Author: Andy Downing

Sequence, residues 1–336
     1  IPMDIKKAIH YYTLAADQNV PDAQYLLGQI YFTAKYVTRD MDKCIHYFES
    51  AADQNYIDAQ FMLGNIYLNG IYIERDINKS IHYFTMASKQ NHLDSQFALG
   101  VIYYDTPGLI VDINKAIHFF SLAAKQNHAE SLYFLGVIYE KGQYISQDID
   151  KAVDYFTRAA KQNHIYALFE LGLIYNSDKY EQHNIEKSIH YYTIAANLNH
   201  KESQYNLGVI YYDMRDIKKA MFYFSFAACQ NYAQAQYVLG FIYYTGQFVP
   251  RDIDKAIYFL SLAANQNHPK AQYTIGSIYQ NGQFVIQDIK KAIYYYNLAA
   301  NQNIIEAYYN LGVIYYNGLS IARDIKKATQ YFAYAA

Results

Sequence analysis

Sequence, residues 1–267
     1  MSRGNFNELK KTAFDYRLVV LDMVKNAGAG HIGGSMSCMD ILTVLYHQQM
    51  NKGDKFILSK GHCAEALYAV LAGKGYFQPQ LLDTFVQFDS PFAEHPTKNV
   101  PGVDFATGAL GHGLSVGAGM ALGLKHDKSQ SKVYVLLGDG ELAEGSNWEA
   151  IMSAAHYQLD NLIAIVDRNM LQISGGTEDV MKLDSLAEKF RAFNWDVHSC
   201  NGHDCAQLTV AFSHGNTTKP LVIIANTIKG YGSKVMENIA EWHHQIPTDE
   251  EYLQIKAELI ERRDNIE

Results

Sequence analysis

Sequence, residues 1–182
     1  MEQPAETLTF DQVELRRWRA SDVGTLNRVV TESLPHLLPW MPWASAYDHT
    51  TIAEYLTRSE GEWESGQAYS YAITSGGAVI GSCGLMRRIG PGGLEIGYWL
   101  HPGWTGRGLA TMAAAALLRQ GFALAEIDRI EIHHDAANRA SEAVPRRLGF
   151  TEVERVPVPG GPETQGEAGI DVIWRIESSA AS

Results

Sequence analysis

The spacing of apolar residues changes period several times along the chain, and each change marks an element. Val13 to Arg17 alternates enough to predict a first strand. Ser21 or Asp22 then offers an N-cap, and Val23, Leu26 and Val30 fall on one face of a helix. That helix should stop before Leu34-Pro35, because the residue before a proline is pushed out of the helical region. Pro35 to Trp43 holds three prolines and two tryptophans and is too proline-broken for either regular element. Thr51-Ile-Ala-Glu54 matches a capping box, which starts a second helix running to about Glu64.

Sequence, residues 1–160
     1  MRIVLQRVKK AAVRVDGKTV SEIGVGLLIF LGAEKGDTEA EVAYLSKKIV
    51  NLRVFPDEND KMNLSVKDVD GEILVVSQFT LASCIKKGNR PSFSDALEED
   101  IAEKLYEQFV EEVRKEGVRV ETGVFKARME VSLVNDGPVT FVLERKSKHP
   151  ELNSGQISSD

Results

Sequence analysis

The Rural Alberta Advantage's sophomore album, "Departing" (Saddle Creek), appears to open on an optimistic note, with singer/guitarist Nils Edenloff crooning about two lovers "stuck in a sweet embrace."But as the acoustic ballad progresses, it becomes clear the narrator is merely holding tight out of a fear he'll lose everything if he lets go, with Edenloff singing, "I'll hold you tight enough to crush your veins.""It's definitely one of the themes of the record," drummer Paul Banwatt said in a recent phone interview. "Nils writes a lot more about heartbreak than happy love times. It's that whole idea of staying connected to something."So it goes on a bruised, battered album that plays like the sonic equivalent to the film "Blue Valentine," wavering between emotional outbursts ("Stamp") and heartbroken confessionals ("North Star"). As with many things in life, there are no tidy resolutions. Despite closing with "Good Night," a song whose title suggests a clean break, reality remains far murkier, Edenloff bidding his counterpart adieu even as he wonders aloud if perhaps they'll get back together someday.It's apt that the Toronto-based trio, which visits Madison's High Noon Saloon on Thursday, March 24, focuses so heavily on these personal moments. Unlike many of their Canadian brethren (Arcade Fire, Broken Social Scene, New Pornographers, etc.), Rural Alberta have resisted the urge to transform themselves into a sprawling, multiheaded collective."There were times (around the release of our debut) when we had five or six people in the band and it always felt like we were overreaching," said Banwatt. "It felt like taking a guy with an acoustic guitar and a drummer and then trying to turn that into Arcade Fire."So for "Departing," the trio stripped things back, completing their current lineup with the addition of keyboardist Amy Cole. In many ways, this was the band's attempt to recapture the intimate sound Banwatt and Edenloff developed when they first started playing together over five years ago at an open mic night at now-defunct Toronto bar The Winchester ? coincidentally the same name as the pub in Edgar Wright's zombie comedy "Shaun of the Dead.""I remember thinking about that when we watched that movie," said Banwatt, and laughed. "That was our life: every week going to The Winchester."And while the duo never had to fight off hordes of the undead, their final performance did end in an unlikely fashion, after some members of the motorcycle club Hell's Angels made their way into the bar and ignited a mini rumble. "That," said the drummer, "was bizarre."Banwatt, who describes his bandmates as if they were members of his family, said that while their latest album might explore personal tensions, relationships within the group have actually never been better. Indeed, the comfort level among the musicians allowed them to push their sonic experimentations a bit further, at times mutating Edenloff's simple folk songs into something grander than he might have originally envisioned. Witness "Tornado," which opens amid a sparse strum of acoustic guitar before the band blows through like the titular windstorm."That was a real literal attempt to create that feel of a tornado," said Banwatt. "Even in terms of the motions of the drums, it's actually a very swirling pattern that goes around and around the kit."Not that there's any real danger of Rural Alberta venturing too deep into art-rock."A lot of the softer songs come from a desire to really stick to our roots," said Banwatt. "We started at an open mic night with really simple instrumentation ? (and) we always want to be able to be that band in some way."